“Provided they’re used carefully and carry the quality marks, all types and brands of penile condoms will give you the same protection against STIs – apart from those made from lambskin. These are harder to find in the UK, but still sold in the US. They’re crafted from part of a sheep’s intestine, and some people claim they feel ultra-natural because animal membranes conduct body heat well. However, they have tiny pores in them, small enough for sperm cells not to be able to get through, but plenty wide enough for bacteria and viruses to be transported and transmitted. That means they prevent pregnancy, but not STIs.” – Alix
Thin Varieties Are Just As Durable
“Extra thin condoms like Durex Invisible can be made of rubber – which is thinner than the average human hair – or advanced man-made materials like polyisoprene, which is super soft, flexible and warms up quickly, as well as being fine enough to enhance sexual sensation. Mates Skyn and Durex Real Feel are great examples, which suit those seeking a realistic, barely there ‘skin on skin’ feeling. Special manufacturing processes and rigorous testing mean thin condoms are just as strong as thicker varieties, including for anal sex. Some men do prefer a thicker style, like Durex Extra Safe though, because actually being able to feel the condom a bit more reassures them of hygiene and safety.” – Alix
Check Out Recent Innovations
“One of the most recent innovations in condoms is the Lelo Hex. Its hexagonal structure (think beehive design – minus the bees and honey) means the material can be extremely thin (0.045mm) while maintaining strength so is still safe to use. Another exciting condom brand is One Condoms’ MyOne Perfect fit, which has 56 different sizes and a ‘FitKit’ allowing condom-wearers to tailor the condom to their exact size.” – Dominnique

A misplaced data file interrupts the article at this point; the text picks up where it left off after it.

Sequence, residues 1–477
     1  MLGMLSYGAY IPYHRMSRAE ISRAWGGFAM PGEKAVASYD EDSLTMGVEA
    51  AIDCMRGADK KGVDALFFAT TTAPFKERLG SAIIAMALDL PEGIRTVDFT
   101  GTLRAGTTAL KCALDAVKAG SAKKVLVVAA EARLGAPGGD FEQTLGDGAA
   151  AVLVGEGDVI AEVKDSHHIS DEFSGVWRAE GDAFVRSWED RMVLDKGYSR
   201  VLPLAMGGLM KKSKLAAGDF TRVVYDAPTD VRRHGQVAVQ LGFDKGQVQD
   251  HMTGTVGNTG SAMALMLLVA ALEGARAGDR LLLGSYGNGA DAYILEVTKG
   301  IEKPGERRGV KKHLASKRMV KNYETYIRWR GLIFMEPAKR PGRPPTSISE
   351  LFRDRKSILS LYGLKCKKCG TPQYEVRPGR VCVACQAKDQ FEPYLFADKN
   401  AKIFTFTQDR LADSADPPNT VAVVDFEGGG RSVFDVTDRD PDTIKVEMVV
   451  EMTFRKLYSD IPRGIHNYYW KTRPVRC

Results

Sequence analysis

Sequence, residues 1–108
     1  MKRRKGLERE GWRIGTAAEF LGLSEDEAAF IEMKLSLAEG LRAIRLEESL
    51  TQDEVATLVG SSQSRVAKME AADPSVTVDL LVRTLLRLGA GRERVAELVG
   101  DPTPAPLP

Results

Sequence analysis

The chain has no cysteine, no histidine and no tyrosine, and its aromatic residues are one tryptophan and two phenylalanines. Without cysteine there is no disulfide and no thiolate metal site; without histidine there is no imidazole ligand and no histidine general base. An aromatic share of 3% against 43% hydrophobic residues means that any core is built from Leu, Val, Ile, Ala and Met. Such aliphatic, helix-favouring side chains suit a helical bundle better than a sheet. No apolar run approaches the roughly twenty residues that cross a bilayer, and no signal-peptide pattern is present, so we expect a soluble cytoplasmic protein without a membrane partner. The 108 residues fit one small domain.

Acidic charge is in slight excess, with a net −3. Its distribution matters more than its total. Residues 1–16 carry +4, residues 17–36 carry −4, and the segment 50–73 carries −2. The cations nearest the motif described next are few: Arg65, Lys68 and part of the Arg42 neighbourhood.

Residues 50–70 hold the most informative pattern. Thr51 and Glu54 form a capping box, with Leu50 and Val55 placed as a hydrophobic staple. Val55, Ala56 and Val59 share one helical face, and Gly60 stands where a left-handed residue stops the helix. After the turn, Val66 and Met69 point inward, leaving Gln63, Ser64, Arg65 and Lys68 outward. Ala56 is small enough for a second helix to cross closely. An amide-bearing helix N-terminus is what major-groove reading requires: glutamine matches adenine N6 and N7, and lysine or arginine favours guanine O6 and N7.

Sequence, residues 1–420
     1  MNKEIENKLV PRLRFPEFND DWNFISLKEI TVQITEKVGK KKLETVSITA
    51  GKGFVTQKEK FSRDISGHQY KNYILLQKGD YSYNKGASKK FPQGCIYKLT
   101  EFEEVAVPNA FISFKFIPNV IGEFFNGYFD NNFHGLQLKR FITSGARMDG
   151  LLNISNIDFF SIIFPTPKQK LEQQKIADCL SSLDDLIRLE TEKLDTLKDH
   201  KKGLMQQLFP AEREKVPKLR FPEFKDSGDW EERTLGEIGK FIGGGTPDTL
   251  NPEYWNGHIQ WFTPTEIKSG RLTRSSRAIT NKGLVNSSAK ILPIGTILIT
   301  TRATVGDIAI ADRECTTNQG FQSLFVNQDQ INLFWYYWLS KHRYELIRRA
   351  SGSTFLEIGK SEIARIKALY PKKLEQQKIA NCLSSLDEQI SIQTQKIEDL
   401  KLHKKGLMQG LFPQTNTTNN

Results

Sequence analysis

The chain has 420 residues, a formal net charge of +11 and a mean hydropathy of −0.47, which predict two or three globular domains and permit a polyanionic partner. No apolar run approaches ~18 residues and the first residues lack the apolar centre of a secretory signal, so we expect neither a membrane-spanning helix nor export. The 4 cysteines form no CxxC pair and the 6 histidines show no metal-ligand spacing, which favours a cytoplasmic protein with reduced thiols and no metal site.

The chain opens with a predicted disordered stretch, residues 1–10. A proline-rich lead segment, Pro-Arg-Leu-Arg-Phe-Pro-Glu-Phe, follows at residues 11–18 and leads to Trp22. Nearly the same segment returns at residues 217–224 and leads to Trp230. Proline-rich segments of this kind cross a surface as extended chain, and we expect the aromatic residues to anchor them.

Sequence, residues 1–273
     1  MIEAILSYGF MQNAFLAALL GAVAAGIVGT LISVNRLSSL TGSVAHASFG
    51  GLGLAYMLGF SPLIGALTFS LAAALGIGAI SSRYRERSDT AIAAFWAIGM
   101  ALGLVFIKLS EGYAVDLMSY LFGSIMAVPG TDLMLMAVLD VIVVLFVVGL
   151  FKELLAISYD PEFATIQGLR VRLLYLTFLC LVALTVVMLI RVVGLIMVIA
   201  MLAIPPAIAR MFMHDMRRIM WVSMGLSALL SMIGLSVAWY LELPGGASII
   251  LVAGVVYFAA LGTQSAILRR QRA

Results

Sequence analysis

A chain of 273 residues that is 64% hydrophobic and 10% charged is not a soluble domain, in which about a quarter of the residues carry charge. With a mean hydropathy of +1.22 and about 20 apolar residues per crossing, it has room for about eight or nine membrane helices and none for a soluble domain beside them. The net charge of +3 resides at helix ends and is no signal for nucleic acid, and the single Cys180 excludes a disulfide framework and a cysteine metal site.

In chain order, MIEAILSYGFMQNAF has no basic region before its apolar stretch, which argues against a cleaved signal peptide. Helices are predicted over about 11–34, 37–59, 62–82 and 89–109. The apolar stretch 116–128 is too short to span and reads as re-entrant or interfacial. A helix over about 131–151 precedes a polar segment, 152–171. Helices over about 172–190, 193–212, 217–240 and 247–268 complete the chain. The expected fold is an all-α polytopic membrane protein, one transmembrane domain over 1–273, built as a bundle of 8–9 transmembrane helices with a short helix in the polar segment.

Consider An Eco-Friendly Option
“While natural rubber latex condoms are biodegradable in theory, they require certain environmental conditions to break down. It can take a really long time if there’s not much light or oxygen present, and some of the chemicals added to certain varieties elongate that process even further. The problem is that you don’t want condoms to break down too easily, for obvious reasons. They have to resist friction and the pH of bodily fluids, as well as having a shelf life of three to five years, and foil packets have to be plastic-coated to meet medical standards for safety. HANX is fighting the good fight though. Its condoms come in recyclable card boxes without cellophane, and HANX adds vegan thistle extract to the rubber to make it smooth, rather than the more commonly used milk-derived protein casein. Whichever condoms you plump for, you should always put them in the bin, and never flush them down the loo.” – Alix
You Don’t Need To Spend A Lot
“A lot of generic and own-name condoms (such as Superdrug Regulars) are produced in the same factories as the big brand varieties, so you don’t necessarily need to splash the cash. For example, there’s a manufacturer called Karex in Malaysia, which is close to many natural rubber plantations, where they make one in every five condoms sold globally. As long as the British Kitemark or European CE Mark is stamped on the packet, you know the product’s been tested to high specifications. What you pay for when you purchase pricier condoms tends to be fancier features, which enhance the experience of using them, or bring added benefits: innovative lubricants, stimulating textures, next-generation extra-sensitive materials and classy packaging.” – Alix
Shop the experts’ edit here…
Alix Fox is an award-winning writer and broadcaster. As well as being Superdrug’s resident sex and relationships educator, she’s a script consultant for Netflix series Sex Education, and resident x-rated agony aunt on BBC Radio 1’s Unexpected Fluids and The Modern Mann podcasts. Find her on Instagram: @AlixFox.
For more information on The School of Healthy Pleasure, head to TheIntimology.com.
*Features published by SLMan are not intended to treat, diagnose, cure or prevent any disease. Always seek the advice of your GP or another qualified healthcare provider for any questions you have regarding a medical condition, and before undertaking any diet, exercise or other health-related programmes.
DISCLAIMER: We endeavour to always credit the correct original source of every image we use. If you think a credit may be incorrect, please contact us at [email protected].